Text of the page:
Monday Media Roundup
From Bill McKibben:
If you look on the front page of the International Herald Tribune, they list all the places it's for sale--which pretty much covers the whole urban planet. Ditto for the Financial Times. And of course the New York Times is the paper of record for the North American continent. So it was magnificent this morning (or maybe magnifico, since I was in Italy) to open them and find a full-page ad shouting the most important number in the world. The 350 is in the largest type that newspapers use--no one who reads their paper this morning will be able to miss it. And the list of signatories is incredibly impressive. It feels like the gunshot that marks the start of a race!
All credit and thanks go to Bo Ekman and Jim Wine of the Tallberg Foundation and their colleagues. They took the 350 number and did what we hope everyone on earth will do: use whatever assets they have to spread the word. Some will have the money and connections to take out huge newspaper ads--others will use whatever medium they have close to hand (like the Massachusetts church that rang its bells 350 times yesterday and got big local press coverage--see blog post below). At any rate, the elite readers who make up the audience for these newspapers have a new number to chew on this morning. The message is getting out!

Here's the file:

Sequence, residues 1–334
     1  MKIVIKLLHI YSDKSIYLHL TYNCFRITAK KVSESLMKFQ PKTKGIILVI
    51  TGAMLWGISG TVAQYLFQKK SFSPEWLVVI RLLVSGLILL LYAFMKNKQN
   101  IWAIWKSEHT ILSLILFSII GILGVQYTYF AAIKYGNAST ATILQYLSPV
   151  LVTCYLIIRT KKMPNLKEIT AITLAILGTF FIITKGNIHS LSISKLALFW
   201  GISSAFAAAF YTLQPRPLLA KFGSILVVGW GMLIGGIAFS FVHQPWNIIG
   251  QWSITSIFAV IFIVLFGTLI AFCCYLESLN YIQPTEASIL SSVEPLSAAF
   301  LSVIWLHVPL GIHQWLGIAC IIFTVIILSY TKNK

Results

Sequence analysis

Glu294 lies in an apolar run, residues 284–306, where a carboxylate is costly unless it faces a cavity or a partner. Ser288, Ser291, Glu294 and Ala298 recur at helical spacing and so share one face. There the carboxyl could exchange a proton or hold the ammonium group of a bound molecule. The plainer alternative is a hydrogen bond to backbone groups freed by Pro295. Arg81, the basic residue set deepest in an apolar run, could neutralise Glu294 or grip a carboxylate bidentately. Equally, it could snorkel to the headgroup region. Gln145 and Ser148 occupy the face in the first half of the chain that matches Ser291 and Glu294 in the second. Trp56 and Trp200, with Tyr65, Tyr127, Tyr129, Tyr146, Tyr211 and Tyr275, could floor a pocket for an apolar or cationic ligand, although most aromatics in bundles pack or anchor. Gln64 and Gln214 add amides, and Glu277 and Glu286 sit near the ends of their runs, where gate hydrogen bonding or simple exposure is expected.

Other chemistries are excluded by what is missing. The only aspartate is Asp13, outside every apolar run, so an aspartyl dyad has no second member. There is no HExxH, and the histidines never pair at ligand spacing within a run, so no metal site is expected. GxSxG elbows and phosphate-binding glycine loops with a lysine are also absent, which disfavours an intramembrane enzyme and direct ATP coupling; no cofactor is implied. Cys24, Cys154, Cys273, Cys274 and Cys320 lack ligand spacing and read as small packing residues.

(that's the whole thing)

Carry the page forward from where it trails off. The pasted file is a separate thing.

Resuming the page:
It was 20 years ago today that Jim Hansen first warned us about the threat of global warming. Sure, some atmospheric scientists had been worried previously--there'd been reports and conferences. But on June 23, 1988 Dr. Hansen testified before the House of Representatives that this was not some distant threat but a new reality. Amidst the worst summer heat wave in U.S. history, he was mobbed by reporters as he left the chamber and he said it was "time to stop waffling" and say that global warming was underway.
I remember perfectly the front page of the New York Times the next day, where the story was at the top of the page. And I remember the reaction from many other scientists--Hansen had spoken too loosely, not obeyed all the customs of the scientific method. But he was right then--his boldness is what launched the entire debate. And he is right today, when he tells us that 20 years of subsequent research by tens of thousands of scientists has given us the most important number on earth: 350 parts per million carbon dioxide, the upper limit for a safe atmosphere and a prosperous world.
We should remember Hansen's scientific ability and be thankful for his brain--but we also need to remember his enormous courage, and act however we can in the same bold spirit!